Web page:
There are new laws in place effective January 1, 2019 for obtaining a driver’s license following a loss of a DMV hearing or a DUI conviction. These new laws only apply to DUI cases where the incident took place on or after January 1, 2019. There are different penalties if the driver is under 21 years or older, was on probation for a DUI at the time of the new DUI, refused a chemical test or someone else was injured in a DUI-accident.
If you have lost your DMV hearing or are convicted of a DUI in court, your license will be suspended. In some cases, the DMV will send you a notice that your license has been suspended (usually after the DMV hearing, but not always after the court conviction). Whether you receive a notice or not, it is your responsibility to go to the DMV to get your driver’s license back. If you lose the DMV hearing and get a DUI conviction, you may have to go back to the DMV twice (after each event).
You have three options to obtain your driver’s license after a suspension. All of these options will require that you obtain SR-22 insurance, that you enroll in and eventually complete a DUI program and that you pay a license re-issuance fee to the DMV (usually $125).
Option 1 – Serve Full Suspension. You can serve the full suspension where you will not be allowed to drive for four months (following DMV hearing loss on first DUI) or one year (following DMV hearing loss on multiple DUIs). These suspensions are the result of losing your DMV hearing, but if you are convicted in court, you could face longer suspensions. You face a one year for a first DUI, two years for a second DUI, three years for a third DUI and four years for a fourth DUI. After your suspension period ends, you can obtain your full driving privilege as long as you have obtained SR-22 insurance, completed your DUI program and pay a re-issuance fee.
Option 2 – IID / Unrestricted License. You agree to the installation of an ignition interlock device (IID) in your vehicle. The IID is like a breathalyzer attached to your ignition. You will not be allowed to start your car until you blow in the device. The car will not start if there is any alcohol in your system. With the IID, you can start driving immediately. There are no restrictions on where or when you can drive. However, you will also need the SR-22, DUI program and re-issuance fee.
The length of the time you will have the IID depends on certain factors. Initially, the IID will be in your car for at least four months (following DMV hearing loss on first DUI) or one year (following DMV hearing loss on multiple DUI). If you are convicted of the DUI in court, the IID will have to be in your car for longer* – 6 months for a first DUI (10 months if your BAC is high), one year for a second DUI, two years for a third DUI and three years for a fourth DUI. Also, the IID cannot be removed before you complete your DUI program.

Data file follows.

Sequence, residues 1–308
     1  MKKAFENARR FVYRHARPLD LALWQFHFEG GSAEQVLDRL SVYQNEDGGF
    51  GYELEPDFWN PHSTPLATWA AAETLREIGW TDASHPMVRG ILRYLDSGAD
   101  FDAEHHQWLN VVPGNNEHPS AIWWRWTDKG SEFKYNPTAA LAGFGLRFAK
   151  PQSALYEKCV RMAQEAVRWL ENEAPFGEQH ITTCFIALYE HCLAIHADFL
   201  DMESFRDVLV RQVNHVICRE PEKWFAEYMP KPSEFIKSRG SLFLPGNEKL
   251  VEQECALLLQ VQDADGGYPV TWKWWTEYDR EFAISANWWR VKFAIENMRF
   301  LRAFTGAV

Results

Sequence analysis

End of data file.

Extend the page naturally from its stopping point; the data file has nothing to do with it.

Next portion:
Option 3 – Restricted License. If you want to drive, but don’t want to install an IID, then you can get a restricted license. A restricted license will only allow you to drive for work, school**, and your DUI program. The rules are a bit complicated. For a first DUI, you can apply for a restricted license after you lose your DMV hearing, but you must serve a hard 30 day suspension before you can apply for the restricted license. After you serve the hard 30-day suspension, you will qualify for a restricted license as long as you have the SR-22 insurance, enrolled in a DUI program and paid the re-issuance fee. The restriction will last five months following the 30-day suspension. If you are convicted in court, however, your restriction will last one year. Also, if the court orders you to install an IID, then you no longer have the restricted license option.
For a multiple DUI, a restricted license is only available after serving a one-year suspension. If you lose your DMV hearing, you either get an IID or serve a one-year suspension. There is no option for a restricted license. However, if you are convicted in court, you can apply for a one-year restricted license after serving a one-year hard suspension.
Other factors may also affect the length of the restricted license. For example, the restriction will not be removed until you complete your DUI program.
If you are convicted in court after you lose your DMV hearing, your license may be suspended again. If that happens, you will have to go back to the DMV to re-obtain your unrestricted or restricted license. The rules are different if you are under 21, were on probation for a DUI at the time of a new DUI, refused a chemical test or someone was injured in a DUI-related accident.
*If the court orders you to install in an IID following a DUI conviction, you will not get any credit for having the IID device installed in your vehicle prior to the conviction. So if you get an IID following your DMV hearing, it will not count towards the length of time the court will require for the IID.
**School, for a restricted license, means only your school. You are not allowed to drive your children or other dependents to their school while on a restricted license.
The rules regarding licensing options are very complex. It’s important to have an attorney that understands all the rules in order to best represent their clients.
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